But here: European Journal of Clinical Nutrition - Abstract of article: The effects of fiber enrichment of pasta and fat content on gastric emptying, GLP-1, glucose, and insulin responses to a meal

                  "Conclusions: A dose of 1.7*g psyllium did not evoke measurable effects on gastric emptying, postprandial GLP-1, insulin or glucose metabolism. However the addition of 30*g of oil and 3*g of sodium propionate to the pasta did reduce gastric emptying, increase GLP-1 and reduce glucose and insulin concentrations. While this short-term study may have implications in terms of reducing the risk of diabetes and improving coronary risk factor profiles the long term effects of these nutrients need to be studied."

                  Also: Cambridge Journals Online - Abstract

                  "Addition of fat to either component of the meal reduced postprandial blood glucose (P < 0.05) and insulin responses, but when the fat was incorporated in the soup, peak glucose and insulin responses were delayed as well (P < 0.05)."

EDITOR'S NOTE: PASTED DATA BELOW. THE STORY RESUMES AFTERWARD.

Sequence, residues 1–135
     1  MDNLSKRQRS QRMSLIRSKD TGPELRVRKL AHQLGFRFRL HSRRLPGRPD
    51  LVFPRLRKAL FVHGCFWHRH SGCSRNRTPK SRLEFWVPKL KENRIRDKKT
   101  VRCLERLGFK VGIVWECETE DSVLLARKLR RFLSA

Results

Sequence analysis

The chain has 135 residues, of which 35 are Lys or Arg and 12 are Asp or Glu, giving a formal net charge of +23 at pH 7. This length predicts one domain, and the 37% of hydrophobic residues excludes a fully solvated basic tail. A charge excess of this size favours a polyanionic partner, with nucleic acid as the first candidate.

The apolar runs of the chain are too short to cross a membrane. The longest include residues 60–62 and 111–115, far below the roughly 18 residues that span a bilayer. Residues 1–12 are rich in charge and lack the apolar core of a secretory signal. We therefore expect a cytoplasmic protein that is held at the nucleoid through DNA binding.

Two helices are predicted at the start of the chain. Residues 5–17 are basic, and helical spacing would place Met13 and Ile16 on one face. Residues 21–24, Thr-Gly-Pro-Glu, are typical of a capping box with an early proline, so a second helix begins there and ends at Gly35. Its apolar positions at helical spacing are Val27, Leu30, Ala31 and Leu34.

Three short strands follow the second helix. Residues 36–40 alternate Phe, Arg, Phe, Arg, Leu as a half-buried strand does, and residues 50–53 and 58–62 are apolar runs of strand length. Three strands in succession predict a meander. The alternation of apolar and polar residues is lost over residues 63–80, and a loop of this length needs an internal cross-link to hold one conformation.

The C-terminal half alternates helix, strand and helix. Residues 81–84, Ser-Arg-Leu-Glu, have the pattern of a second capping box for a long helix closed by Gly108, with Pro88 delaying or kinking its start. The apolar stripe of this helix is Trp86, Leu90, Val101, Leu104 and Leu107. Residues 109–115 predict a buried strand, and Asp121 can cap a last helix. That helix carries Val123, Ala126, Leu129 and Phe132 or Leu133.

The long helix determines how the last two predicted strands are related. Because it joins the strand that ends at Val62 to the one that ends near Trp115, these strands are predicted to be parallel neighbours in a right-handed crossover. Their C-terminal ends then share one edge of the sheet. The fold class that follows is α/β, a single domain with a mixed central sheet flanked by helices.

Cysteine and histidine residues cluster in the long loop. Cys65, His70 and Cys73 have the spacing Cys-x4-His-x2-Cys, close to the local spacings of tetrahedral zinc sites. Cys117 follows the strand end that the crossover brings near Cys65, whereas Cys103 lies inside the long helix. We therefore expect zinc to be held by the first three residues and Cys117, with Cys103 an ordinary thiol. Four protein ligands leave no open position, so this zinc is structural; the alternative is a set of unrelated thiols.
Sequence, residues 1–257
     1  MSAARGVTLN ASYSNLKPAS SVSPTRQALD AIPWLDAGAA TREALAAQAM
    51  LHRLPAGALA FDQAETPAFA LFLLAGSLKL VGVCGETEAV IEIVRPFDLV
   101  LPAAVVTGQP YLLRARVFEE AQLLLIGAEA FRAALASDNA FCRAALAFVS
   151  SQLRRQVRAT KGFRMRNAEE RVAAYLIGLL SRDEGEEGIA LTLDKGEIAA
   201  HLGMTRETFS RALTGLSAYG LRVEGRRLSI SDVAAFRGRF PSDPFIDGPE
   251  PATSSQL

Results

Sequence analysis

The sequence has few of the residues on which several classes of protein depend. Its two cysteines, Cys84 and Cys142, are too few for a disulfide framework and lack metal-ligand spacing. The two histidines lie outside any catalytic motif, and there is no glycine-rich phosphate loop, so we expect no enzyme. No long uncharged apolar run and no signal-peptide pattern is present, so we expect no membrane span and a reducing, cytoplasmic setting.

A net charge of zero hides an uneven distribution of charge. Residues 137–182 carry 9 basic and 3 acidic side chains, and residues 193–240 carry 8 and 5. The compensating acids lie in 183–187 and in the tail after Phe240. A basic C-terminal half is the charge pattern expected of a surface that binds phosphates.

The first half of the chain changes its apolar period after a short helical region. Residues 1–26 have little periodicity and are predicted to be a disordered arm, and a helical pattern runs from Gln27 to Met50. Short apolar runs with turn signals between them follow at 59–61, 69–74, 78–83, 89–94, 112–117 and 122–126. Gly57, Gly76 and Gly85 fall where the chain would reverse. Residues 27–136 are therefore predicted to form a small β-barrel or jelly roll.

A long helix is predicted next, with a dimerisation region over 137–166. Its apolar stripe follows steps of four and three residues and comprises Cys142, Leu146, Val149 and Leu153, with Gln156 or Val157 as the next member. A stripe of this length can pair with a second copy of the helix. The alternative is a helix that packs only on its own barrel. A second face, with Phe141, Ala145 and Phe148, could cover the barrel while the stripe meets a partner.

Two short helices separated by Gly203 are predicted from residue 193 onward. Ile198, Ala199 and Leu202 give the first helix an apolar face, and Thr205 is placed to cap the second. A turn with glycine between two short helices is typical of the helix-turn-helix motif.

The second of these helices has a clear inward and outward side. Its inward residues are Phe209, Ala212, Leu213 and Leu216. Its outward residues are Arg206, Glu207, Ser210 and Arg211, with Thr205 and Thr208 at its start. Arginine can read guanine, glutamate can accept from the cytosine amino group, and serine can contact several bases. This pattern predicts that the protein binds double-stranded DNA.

So... Fat slows and delays the absorption of carbs if these studies are to be believed. It also has the effect of lowering the overall insulin response. Whether this is good, bad, or neutral for the relationship to insulin resistance is not something I can answer, but while I was eating CW-style, I was constantly told that a giant, immediate spike in blood sugar was bad. Of course, primal eating has made me begin to question this.
                  "The cling and a clang is the metal in my head when I walk. I hear a sort of, this tinging noise - cling clang. The cling clang. So many things happen while walking. The metal in my head clangs and clings as I walk - freaks my balance out. So the natural thought is just clogged up. Totally clogged up. So we need to unplug these dams, and make the the natural flow... It sort of freaks me out. We need to unplug the dams. You cannot stop the natural flow of thought with a cling and a clang..."

                  Comment


                  • #54
                    Originally posted by Gorbag View Post
                    True dat! Nothing like a pound of bacon and a large cup of bulletproof coffee for breakfast to keep this harmful insulin in checků
                    I'm speaking in terms of the spike in blood sugar....